Knee Injury Treatments Fayetteville AR

This page provides useful content and local businesses that can help with your search for Knee Injury Treatments. You will find helpful, informative articles about Knee Injury Treatments, including "New Treatments for PCL Tears Available". You will also find local businesses that provide the products or services that you are looking for. Please scroll down to find the local resources in Fayetteville, AR that will answer all of your questions about Knee Injury Treatments.

Matthew J Coker, MD
(501) 686-5251
PO Box 1608
Fayetteville, AR
Specialties
Orthopedics
Gender
Male
Education
Graduation Year: 2007

Data Provided By:
Peter Robert Heinzelmann, MD
(479) 521-2752
PO Box 1608
Fayetteville, AR
Specialties
Orthopedics, Hand Surgery
Gender
Male
Languages
Spanish
Education
Medical School: Univ Of Ia Coll Of Med, Iowa City Ia 52242
Graduation Year: 1968
Hospital
Hospital: Washington Reg Med Ctr, Fayetteville, Ar
Group Practice: Ozark Orthopaedic & Sports Ltd

Data Provided By:
Tom Patrick Coker, MD
(479) 521-2752
PO Box 1608
Fayetteville, AR
Specialties
Orthopedics
Gender
Male
Education
Medical School: Univ Of Ar Coll Of Med, Little Rock Ar 72205
Graduation Year: 1984

Data Provided By:
Cyril Anthony Raben, MD
(479) 442-4495
350 E Millsap Rd
Fayetteville, AR
Specialties
Orthopedics
Gender
Male
Education
Medical School: Univ Of Ks Sch Of Med, Kansas City Ks 66103
Graduation Year: 1984

Data Provided By:
James Franklin Moore, MD
(870) 935-4150
3317 N Wimberly Dr
Fayetteville, AR
Specialties
Orthopedics, Hand Surgery
Gender
Male
Education
Medical School: Univ Of Ar Coll Of Med, Little Rock Ar 72205
Graduation Year: 1969

Data Provided By:
Jason Hughes Pleimann, MD
(479) 521-2752
PO Box 1608
Fayetteville, AR
Specialties
Orthopedics
Gender
Male
Education
Medical School: Univ Of Ks Sch Of Med, Kansas City Ks 66103
Graduation Year: 1996

Data Provided By:
James Franklin Moore, MD
(479) 521-2752
PO Box 1608
Fayetteville, AR
Gender
Male
Education
Medical School: Univ Of Ar Coll Of Med, Little Rock Ar 72205
Graduation Year: 1969

Data Provided By:
Walter Duke Harris, MD
(479) 521-2752
PO Box 1608
Fayetteville, AR
Specialties
Orthopedics, General Practice
Gender
Male
Education
Medical School: Univ Of Ar Coll Of Med, Little Rock Ar 72205
Graduation Year: 1968

Data Provided By:
James Franklin Moore
(479) 521-2752
3317 N Wimberly Dr
Fayetteville, AR
Specialty
Orthopedic Surgery

Data Provided By:
Tom Phillip Coker, MD
(479) 444-9108
3317 N Wimberly Dr
Fayetteville, AR
Specialties
Orthopedics
Gender
Male
Education
Medical School: Univ Of Tn, Memphis, Coll Of Med, Memphis Tn 38163
Graduation Year: 1956

Data Provided By:
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New Treatments for PCL Tears Available

Written by Administrator   
When people think of knee injuries, many people think of torn ACLs, anterior cruciate ligaknee surgeryments; and for good reason: nearly 200,000 ACL surgeries are performed in the U.S. each year. Most people however are not aware that knee pain and damage can also be from an injured or torn posterior cruciate ligament (PCL). PCL surgeries are estimated to be approximately 20 times less common, than ACL surgeries and often go undiagnosed.

While major advances have been made in the understanding of posterior cruciate ligament (PCL) anatomy and reconstruction, a literature review published in the July 2009 issue of the Journal of the American Academy of Orthopaedic Surgeons (JAAOS) finds that there must be continued advances in basic science research in order to determine the best course of treatment for those with PCL injuries.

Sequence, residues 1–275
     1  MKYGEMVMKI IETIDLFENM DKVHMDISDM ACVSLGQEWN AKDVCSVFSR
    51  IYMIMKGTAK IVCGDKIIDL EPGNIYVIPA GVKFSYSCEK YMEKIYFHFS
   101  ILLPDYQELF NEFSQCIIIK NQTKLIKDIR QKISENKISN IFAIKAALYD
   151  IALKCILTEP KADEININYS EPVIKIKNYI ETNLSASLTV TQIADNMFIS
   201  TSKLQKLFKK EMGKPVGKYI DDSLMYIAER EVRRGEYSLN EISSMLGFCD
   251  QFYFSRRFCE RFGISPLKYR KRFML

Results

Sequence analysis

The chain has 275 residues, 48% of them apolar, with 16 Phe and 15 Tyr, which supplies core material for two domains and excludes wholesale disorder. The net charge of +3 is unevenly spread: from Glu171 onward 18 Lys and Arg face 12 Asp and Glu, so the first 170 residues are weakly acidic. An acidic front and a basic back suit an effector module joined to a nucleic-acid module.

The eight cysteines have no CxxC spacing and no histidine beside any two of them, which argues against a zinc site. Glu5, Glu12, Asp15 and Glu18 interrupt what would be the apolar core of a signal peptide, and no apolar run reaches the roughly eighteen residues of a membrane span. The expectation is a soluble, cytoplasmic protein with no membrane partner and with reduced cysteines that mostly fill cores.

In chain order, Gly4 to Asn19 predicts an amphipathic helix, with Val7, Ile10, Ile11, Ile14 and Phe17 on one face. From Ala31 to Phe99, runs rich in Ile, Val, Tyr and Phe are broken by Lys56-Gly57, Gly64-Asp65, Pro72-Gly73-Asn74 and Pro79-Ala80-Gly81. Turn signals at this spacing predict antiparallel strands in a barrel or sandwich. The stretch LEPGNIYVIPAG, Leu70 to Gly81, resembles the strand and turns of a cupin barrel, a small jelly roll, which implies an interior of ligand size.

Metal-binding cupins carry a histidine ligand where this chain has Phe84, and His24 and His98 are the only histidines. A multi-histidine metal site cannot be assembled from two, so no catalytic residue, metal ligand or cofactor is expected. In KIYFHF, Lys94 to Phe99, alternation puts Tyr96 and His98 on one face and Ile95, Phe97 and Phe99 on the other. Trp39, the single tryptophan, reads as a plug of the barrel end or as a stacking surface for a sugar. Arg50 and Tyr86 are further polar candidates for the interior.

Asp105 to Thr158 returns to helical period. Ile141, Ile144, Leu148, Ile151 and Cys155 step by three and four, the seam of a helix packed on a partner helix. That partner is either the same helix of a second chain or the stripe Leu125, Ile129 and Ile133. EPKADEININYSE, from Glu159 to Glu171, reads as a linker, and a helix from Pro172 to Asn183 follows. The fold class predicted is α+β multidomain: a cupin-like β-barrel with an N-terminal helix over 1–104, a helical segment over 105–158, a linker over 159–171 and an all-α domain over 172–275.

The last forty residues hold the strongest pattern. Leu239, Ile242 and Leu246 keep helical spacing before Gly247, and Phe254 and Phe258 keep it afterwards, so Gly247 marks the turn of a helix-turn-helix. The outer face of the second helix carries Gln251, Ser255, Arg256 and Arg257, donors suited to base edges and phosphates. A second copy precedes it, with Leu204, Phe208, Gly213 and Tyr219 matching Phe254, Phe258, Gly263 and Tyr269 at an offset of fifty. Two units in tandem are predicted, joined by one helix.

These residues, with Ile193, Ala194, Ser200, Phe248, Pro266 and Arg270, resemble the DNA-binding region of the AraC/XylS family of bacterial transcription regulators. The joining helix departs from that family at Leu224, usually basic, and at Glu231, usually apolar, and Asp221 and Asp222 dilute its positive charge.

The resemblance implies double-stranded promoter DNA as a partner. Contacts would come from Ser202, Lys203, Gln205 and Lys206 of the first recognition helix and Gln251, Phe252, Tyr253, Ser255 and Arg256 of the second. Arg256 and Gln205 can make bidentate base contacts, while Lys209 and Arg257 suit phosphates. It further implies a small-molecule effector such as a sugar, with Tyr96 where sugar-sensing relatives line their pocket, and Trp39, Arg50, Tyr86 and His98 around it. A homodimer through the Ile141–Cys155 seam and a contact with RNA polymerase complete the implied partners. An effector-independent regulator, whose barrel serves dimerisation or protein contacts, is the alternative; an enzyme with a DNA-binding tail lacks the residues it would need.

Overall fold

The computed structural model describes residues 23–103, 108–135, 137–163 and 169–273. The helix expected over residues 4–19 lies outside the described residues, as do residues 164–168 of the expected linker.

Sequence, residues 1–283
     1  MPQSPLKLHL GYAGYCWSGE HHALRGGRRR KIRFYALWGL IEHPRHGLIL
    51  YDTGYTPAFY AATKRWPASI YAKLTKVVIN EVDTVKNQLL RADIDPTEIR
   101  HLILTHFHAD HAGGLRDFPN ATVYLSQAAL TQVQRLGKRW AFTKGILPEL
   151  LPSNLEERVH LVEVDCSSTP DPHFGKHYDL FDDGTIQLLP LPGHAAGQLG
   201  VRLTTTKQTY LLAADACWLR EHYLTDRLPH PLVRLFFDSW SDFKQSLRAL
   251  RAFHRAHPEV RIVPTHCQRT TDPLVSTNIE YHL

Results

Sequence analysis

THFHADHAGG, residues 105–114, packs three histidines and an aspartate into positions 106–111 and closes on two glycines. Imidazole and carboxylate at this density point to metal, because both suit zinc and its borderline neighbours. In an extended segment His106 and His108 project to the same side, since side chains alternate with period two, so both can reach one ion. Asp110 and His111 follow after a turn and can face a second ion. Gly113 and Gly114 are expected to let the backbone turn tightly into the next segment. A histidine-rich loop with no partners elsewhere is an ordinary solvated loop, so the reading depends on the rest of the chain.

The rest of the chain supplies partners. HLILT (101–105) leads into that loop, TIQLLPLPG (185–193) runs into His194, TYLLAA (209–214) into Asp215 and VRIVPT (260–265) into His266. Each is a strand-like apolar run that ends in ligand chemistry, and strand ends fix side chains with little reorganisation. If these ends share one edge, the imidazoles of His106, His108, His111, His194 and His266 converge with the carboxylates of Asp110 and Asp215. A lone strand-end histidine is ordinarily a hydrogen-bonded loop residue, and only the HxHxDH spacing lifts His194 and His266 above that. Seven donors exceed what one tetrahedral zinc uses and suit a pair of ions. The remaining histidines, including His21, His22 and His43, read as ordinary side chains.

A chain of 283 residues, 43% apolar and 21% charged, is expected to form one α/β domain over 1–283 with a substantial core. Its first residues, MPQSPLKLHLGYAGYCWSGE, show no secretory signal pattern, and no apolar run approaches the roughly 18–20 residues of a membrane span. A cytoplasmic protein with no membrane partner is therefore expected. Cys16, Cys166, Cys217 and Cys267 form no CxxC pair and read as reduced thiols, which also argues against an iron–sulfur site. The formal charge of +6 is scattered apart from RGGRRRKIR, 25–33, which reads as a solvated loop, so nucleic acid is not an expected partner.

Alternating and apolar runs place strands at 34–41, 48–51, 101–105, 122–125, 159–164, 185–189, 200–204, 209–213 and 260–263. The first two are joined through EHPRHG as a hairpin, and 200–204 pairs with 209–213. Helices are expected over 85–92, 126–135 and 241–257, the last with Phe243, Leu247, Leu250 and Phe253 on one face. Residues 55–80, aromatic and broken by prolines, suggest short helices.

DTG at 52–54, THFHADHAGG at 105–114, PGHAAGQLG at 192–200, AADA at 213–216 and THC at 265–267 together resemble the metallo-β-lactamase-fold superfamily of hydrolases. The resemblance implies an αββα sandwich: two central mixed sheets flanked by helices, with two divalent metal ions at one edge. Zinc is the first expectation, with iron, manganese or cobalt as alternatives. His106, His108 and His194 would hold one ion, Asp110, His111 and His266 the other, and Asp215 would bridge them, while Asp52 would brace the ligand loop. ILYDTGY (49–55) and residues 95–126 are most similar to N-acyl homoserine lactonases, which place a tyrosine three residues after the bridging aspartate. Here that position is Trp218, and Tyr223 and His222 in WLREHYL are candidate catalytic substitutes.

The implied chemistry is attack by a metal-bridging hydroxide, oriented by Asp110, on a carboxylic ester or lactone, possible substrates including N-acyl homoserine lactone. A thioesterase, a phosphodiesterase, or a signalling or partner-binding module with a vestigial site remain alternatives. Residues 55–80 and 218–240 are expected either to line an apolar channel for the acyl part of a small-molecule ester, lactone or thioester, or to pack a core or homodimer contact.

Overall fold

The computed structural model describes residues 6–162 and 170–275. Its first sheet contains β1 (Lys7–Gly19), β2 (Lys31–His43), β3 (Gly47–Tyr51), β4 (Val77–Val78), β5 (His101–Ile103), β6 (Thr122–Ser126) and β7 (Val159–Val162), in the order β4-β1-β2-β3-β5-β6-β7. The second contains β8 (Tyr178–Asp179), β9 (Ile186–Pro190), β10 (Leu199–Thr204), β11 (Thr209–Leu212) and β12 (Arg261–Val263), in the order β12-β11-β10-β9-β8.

"An ACL (anterior cruciate ligament) tear is an injury of instability; a PCL tear is an injury of disability," said study author Matthew Matava, MD, Associate Professor, Department of Orthopedic Surgery, Washington University School of Medicine, in Chesterfield, Missouri. "With a PCL injury, your knee won't buckle on you tomorrow, but in a few months or years it may become painful and not as strong or stable as it was prior to the injury. PCL tears are less frequently discussed because they are often left undiagnosed and the patient does not seek treatment for what they assumed was a mild injury."

PCL injuries are assessed by grades:

  • Grade 1: Partial tear (non-surgical treatment options recommended)
  • Grade 2: Isolated, near complete tear (non-surgical treatment options recommended)
  • Grade 3: Complete PCL torn, with other ligament injuries (surgery often recommended, but not always)

Two newer PCL reconstruction surgical options, along with one traditional method, are currently used to treat Grade 3 injuries:

  • Traditional: One-bundle bone graft passed through a tunnel in the tibia (shin bone). One-bundle grafts are made thicker than two-bundle grafts, but may not be as effective because they attach at a single point.
  • Newer: Two-bundle graft (studied for the past 10 years). Two-bundle grafts use thinner individual grafts, but their total graft volume is thicker. They may be more effective than one-bundle grafts because they attach at two different points.
  • Newer: Inlay reconstruction is an approach whereby a graft is screwed into the back of the tibia avoiding a tunnel through the front of the tibia.

According to Dr. Matava, basic science data suggests that it is favorable to use a two-bundle graft over a one-bundle graft, and that an inlay reconstruction is preferable to a graft passing through a tibial tunnel. Inlay reconstruction is different, he says, because the graft does not get stretched around the tibial tunnel and is prevented from stretching out and/or fraying.

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